Separation and divorce are common in Canada. Divorce statistics provide valuable information on the state of marriage as an institution. Here are some interesting facts that shed light on the trend of divorce in recent years and why people chose to divorce.
Separation, divorce, and dissolution of common-law marriage
A divorce is a legal process that ends a marriage. Before we dive into the stats, it is important to point out that divorce statistics don’t capture information about:
Married couples who have separated but not yet filed for divorce. Some married couples consider their marriage to be “over” and live separate and apart, but never legally divorce.
The dissolution of common-law relationships. Common-law couples do not need to divorce to legally end their relationship.
According to the most recent available data, 1.3 million Canadians aged 25 to 64 years old (6%) are currently separated or divorced from a marriage; and 1.6 million Canadians (8%) are currently separated from a common-law relationship. So, divorce data doesn’t give the whole picture of relationship breakdown in Canada, but it does provide important information.
Canadian divorce statistics
There were 42,933 divorces granted in Canada in 2020.
This is the lowest number of recorded divorces in a given year since 1973. While divorce is still very common, the number of divorces in Canada has generally been declining for many years, in part because couples are choosing common-law relationships more often. The significant drop in 2020 was likely linked to barriers to accessing court services during the COVID-19 pandemic. It remains to be seen whether divorce rates rebound after the pandemic.
The average age of a person divorcing is 46 years old. Of those who divorced in 2020, the average length of the marriage was 15.3 years. All of the property and assets built up over the course of the marriage must be divided on separation, either by negotiated separation agreement or family court proceedings.
About one-third of divorce applications are brought jointly by both spouses. This reflects a growing tendency among spouses to mutually agree on the terms of their separation before proceeding with a formal divorce application to the courts.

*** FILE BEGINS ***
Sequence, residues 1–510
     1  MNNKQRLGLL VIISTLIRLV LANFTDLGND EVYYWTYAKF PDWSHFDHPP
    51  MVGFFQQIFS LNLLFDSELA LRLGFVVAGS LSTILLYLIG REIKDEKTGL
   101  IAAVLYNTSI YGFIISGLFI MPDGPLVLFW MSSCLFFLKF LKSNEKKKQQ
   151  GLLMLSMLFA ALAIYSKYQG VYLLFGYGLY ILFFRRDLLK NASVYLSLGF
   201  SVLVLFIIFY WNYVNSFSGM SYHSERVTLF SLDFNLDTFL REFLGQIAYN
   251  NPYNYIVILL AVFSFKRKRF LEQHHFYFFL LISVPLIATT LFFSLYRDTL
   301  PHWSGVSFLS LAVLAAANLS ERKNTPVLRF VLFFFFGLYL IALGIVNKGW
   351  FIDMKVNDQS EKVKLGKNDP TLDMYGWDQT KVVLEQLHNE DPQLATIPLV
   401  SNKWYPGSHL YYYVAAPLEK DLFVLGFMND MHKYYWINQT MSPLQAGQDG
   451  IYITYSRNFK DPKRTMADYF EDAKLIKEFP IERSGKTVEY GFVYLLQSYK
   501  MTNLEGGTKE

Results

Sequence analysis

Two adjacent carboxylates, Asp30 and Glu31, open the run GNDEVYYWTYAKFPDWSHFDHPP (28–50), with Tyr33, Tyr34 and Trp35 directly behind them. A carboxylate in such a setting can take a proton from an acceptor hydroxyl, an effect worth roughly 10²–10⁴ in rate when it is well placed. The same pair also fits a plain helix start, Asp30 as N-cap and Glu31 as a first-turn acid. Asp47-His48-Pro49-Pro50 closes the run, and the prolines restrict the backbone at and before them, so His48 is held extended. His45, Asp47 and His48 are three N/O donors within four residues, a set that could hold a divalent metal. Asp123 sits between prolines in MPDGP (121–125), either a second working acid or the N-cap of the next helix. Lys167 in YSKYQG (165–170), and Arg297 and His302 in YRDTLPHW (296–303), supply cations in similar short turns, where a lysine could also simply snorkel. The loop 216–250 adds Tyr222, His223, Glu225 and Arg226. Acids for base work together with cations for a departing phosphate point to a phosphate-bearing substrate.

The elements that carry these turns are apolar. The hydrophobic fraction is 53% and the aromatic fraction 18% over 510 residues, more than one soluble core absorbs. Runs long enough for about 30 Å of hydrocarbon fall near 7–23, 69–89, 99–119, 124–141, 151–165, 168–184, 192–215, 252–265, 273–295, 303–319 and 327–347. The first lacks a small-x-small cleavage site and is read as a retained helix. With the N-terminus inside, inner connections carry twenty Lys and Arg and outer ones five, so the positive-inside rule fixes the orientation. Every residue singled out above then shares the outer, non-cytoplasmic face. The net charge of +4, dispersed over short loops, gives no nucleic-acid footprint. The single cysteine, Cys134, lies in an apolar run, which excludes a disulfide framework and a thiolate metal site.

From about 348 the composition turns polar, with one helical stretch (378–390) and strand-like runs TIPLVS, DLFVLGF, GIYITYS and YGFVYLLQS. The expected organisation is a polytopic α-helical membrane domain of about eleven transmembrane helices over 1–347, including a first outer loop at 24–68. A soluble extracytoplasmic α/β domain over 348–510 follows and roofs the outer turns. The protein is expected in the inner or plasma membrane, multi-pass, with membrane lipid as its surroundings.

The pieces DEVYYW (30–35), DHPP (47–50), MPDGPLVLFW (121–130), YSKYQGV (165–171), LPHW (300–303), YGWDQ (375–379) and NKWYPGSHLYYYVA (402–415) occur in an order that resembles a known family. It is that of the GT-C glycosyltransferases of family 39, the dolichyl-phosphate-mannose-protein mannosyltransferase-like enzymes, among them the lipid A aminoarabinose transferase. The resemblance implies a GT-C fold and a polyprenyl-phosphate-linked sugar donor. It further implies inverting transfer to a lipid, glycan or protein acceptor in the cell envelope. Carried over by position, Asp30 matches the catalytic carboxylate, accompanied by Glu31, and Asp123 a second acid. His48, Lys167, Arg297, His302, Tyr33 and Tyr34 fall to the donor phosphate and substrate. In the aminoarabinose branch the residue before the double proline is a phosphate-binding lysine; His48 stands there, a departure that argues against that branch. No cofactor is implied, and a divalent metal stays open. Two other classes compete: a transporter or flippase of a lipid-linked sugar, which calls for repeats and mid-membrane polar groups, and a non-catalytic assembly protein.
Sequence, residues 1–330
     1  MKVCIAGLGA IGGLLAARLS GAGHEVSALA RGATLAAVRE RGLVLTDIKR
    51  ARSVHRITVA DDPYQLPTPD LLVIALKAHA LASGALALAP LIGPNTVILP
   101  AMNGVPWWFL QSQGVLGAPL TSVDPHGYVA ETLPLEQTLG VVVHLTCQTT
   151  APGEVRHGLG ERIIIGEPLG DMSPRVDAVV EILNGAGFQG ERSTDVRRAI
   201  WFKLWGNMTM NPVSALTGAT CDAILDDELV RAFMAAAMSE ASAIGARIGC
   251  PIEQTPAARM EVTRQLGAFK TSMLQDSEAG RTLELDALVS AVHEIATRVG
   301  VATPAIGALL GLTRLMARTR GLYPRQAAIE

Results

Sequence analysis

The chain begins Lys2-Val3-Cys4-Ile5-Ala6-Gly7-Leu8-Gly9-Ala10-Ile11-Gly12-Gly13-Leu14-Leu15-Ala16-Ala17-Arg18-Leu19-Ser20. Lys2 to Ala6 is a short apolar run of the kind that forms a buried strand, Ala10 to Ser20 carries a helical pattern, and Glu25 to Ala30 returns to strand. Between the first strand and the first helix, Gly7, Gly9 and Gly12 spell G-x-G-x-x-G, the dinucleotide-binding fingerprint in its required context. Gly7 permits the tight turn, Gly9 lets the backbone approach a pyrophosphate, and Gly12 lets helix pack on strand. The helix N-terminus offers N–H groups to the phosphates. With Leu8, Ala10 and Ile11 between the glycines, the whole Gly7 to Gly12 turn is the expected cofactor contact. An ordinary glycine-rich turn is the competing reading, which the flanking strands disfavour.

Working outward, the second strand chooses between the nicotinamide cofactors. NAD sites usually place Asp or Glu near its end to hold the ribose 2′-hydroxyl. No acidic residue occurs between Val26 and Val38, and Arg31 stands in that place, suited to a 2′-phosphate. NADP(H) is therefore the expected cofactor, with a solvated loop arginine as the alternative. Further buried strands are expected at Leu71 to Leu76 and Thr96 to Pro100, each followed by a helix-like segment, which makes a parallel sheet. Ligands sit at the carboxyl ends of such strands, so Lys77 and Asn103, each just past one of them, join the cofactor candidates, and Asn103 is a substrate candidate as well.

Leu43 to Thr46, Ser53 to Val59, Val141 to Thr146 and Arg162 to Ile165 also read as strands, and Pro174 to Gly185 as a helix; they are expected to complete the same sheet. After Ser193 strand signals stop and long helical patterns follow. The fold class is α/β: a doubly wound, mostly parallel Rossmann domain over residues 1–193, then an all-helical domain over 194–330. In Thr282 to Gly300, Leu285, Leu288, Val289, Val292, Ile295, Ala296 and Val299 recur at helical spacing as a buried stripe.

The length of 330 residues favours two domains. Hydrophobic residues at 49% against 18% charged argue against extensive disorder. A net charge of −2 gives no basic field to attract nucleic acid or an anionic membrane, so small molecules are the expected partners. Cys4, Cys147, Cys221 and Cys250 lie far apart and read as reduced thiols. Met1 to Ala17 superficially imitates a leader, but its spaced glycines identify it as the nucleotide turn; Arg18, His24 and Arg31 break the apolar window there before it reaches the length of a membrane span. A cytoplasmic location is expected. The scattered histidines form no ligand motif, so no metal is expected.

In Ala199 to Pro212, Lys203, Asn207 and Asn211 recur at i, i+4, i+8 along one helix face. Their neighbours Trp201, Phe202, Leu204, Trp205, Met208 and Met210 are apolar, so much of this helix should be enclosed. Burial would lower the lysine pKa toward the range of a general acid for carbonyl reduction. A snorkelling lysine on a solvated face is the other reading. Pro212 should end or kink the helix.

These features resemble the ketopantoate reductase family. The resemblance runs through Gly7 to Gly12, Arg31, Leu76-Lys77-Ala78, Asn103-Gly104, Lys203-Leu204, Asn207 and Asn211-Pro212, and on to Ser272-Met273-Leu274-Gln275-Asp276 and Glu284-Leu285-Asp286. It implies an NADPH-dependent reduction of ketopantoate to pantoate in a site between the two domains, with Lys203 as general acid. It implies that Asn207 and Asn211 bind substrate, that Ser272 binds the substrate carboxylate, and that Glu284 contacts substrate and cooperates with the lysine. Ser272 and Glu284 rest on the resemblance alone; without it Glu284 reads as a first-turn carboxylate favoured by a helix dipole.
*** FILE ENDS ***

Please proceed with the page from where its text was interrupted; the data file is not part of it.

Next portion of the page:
The process of separation and divorce typically takes two to three years, but can take longer, depending on the issues at stake. The majority of spouses file for divorce on the basis of living separate and apart for one year. Neither spouse is required to show that the other caused the marriage breakdown. Spouses can apply for divorce before the year is up, but the court will not grant the divorce order until a year has elapsed. The average time between filing a divorce application and the court granting a divorce order ranges between 4 to 6 months.
The average cost of divorce ranges from $1,700 to $15,000 per spouse. At the lower end of the range are divorces that proceed on an uncontested basis, with issues being resolved by negotiated separation agreement before applying for divorce. At the higher end of the range are contested divorces, where spouses litigate issues arising from their separation in court.
Reasons Canadians divorce
Canadian marriages end for a variety of reasons. Common causes include domestic violence, infidelity, financial problems, communication difficulties, differences of opinion on important issues (e.g., parenting, religion), and substance abuse. However, divorce in Canada is “no fault.” That means the reasons for your separation and divorce are generally not taken into consideration when it comes to your rights and obligations relating to children, spousal support, and property division.
If you are going through a divorce Dick Byl can help
The process of separation and divorce can be emotionally difficult and raise many complicated issues. The best first step in navigating the complex and emotional process of divorce is to talk to a family lawyer. An experienced divorce lawyer will answer your family law questions, explain your options for moving forward, and ensure your rights and interests are protected. Many divorce lawyers (including Prince George lawyer Dick Byl) offer a free 30-minute initial consultation to discuss your situation. This is an excellent, no-obligation opportunity for you to determine if the lawyer is the right fit for your needs, but also for you to gain a better understanding of family law in BC and the issues that will need to be resolved.
You should have customized legal advice and personalized solutions
Statistics are one thing. Customized legal advice and solutions are another. Protect yourself by having personalized services of a lawyer experienced in divorce and family law. Dick Byl Law Corporation offers flexible legal consultation and customized legal solutions. We work diligently to ensure that our clients receive a fair outcome. Call us today at 250-564-3400 or toll-free at 1-800-835-0088 or use oureForm to get in touch with our lawyer in Prince George.